ABC Entertainment head Channing Dungey’s leap to Netflix from Disney is a sign of the times, and it is making folks in traditional television uneasy.
How do you measure the slow-moving earthquake that is the television business in late 2018, as if we even know what “television” means anymore? The inexorable trend of cord-cutting driven by young people who may never know a cable box rides tandem with the stunning rise of Netflix and its position of dominance for at-home entertainment viewing.
This change has also led to an exodus of top talent from all over Hollywood, but especially from Disney, to the streaming giant. For a sought-after executive and rare woman of color at the presidency of an entertainment network to leave a top job at Disney, drop out of her contract and then show up at Netflix as a vice president three weeks later is a milestone that is making people “queasy,” according to one executive with whom I spoke.
Dungey’s move “speaks volumes about the future of network TV,” this executive said. “Channing could have done virtually anything she wanted — she is a very rare executive at her level — and she chose to leave Disney and join Netflix.”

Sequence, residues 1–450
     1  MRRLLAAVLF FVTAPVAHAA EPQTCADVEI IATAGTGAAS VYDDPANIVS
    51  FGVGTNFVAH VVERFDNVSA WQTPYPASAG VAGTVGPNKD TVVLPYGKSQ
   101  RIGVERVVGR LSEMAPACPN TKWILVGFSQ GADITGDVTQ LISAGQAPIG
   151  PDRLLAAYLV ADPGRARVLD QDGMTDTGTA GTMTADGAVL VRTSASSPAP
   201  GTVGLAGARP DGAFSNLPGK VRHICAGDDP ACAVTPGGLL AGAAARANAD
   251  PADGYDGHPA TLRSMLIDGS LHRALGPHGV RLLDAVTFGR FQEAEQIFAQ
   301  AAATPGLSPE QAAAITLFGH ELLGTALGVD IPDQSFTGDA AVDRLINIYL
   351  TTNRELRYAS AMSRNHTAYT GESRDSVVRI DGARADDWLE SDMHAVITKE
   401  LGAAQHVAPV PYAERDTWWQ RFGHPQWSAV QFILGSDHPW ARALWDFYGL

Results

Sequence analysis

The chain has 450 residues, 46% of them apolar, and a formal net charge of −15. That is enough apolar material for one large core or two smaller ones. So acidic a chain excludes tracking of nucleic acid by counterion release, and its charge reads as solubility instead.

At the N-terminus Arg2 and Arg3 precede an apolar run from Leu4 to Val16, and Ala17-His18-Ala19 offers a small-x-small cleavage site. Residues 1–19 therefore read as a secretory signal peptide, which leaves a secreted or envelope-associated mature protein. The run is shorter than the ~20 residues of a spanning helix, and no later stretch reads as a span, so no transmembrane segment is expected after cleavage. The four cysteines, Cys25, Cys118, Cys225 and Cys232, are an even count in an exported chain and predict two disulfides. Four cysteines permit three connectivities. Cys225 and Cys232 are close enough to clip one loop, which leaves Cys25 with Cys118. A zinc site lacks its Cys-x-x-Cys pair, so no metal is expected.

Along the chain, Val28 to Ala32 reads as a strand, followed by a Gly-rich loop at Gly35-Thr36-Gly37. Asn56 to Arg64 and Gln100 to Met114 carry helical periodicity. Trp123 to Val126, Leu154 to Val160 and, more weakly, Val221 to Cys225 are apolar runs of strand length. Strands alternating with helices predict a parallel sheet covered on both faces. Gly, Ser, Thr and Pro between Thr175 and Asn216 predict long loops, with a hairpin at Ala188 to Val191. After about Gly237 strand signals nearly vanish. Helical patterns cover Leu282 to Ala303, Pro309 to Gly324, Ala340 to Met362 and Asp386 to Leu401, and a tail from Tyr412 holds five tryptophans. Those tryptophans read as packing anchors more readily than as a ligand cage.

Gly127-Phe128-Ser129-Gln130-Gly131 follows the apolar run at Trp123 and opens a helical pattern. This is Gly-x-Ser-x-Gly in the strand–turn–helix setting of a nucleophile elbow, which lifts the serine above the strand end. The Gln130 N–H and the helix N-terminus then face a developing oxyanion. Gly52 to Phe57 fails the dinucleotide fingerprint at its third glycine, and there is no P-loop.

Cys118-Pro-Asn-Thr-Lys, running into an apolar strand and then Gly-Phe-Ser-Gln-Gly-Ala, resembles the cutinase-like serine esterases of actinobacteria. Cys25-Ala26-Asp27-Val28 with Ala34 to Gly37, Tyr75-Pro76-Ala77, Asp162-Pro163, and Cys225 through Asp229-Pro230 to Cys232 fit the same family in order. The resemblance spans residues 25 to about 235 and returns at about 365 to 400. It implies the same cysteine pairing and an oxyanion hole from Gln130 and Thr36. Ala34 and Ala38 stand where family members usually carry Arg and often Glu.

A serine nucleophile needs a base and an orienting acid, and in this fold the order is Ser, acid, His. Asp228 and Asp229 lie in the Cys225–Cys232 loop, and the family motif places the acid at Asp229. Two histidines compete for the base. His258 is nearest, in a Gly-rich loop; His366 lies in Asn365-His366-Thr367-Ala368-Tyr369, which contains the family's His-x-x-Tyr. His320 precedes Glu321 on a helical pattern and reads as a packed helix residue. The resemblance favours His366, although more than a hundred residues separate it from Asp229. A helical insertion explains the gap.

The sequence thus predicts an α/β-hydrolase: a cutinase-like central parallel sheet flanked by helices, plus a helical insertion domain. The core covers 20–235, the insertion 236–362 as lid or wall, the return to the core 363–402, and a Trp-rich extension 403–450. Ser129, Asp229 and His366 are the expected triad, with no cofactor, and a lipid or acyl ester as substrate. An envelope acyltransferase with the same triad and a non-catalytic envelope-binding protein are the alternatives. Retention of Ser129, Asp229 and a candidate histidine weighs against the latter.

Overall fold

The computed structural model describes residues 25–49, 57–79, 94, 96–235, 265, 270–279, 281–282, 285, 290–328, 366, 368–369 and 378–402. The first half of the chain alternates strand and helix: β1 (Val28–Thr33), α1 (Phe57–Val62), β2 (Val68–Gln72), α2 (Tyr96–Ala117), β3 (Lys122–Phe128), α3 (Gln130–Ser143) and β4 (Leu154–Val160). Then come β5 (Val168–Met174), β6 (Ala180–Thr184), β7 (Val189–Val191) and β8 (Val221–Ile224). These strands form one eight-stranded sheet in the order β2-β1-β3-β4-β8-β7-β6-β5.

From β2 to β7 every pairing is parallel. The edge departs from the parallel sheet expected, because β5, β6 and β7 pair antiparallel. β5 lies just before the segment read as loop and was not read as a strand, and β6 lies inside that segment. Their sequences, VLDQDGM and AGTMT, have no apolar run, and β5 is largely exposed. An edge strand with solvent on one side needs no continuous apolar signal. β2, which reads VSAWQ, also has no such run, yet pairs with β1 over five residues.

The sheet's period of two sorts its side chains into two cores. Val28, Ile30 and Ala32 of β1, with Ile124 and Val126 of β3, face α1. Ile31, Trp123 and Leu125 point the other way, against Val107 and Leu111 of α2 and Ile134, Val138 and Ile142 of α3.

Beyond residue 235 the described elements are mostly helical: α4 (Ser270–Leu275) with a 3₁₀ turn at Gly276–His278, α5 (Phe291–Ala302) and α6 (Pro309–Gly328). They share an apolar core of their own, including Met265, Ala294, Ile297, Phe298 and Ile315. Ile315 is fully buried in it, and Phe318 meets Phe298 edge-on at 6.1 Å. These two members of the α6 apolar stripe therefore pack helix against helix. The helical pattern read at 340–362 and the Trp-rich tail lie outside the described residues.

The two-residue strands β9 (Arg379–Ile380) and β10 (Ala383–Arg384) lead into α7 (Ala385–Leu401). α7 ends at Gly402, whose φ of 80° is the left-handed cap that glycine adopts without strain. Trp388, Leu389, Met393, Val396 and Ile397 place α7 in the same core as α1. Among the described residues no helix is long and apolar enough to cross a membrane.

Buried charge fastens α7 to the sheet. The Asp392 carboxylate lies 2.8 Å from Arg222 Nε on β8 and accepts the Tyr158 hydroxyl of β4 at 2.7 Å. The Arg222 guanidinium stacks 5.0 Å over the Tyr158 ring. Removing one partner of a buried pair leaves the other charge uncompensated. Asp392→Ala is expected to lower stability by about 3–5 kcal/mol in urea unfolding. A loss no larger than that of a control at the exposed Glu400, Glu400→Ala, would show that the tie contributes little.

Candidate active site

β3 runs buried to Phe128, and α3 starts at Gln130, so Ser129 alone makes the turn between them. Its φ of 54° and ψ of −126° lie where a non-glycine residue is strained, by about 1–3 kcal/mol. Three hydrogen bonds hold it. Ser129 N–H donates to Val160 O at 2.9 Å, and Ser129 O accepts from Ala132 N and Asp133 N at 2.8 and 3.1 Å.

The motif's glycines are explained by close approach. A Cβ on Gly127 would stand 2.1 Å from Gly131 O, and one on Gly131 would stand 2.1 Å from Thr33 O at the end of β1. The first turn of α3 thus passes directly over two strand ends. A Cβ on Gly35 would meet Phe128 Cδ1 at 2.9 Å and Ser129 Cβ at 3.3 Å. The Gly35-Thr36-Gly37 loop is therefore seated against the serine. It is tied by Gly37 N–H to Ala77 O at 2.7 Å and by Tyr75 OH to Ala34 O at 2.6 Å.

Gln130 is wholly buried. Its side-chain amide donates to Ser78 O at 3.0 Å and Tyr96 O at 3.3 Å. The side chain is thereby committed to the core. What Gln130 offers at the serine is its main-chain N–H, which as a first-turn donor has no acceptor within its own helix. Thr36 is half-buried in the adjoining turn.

Said this executive: “Her decision makes everyone in traditional television queasy, jealous and self-loathing.”
Dungey essentially took a demotion to place herself at the center of where she perceives the most exciting action to be. And, of course, where she can once again work with cherished creative partners like Kenya Barris and Shonda Rhimes, who had already been lured from Disney to Netflix earlier this year.
It’s a bellwether move, and a reminder to Disney CEO Bob Iger — who personally mentored Dungey — that he is battling historic forces in the sector.
There is also a tangible fear around Hollywood about the rise of Netflix. Every week brings a flurry of high- and low-profile poaches and hires involving creative executives. My in-box is full of emails with subject lines: “I’ve moved!” More often than not, that move is to Netflix.
I’m hearing from individuals inside the streaming giant that the hiring spree is starting to slow. But that comes after two to three years of Netflix doubling salaries in some cases, and doling out $100 million development deals in others.
The change that started a decade ago is well underway and accelerating.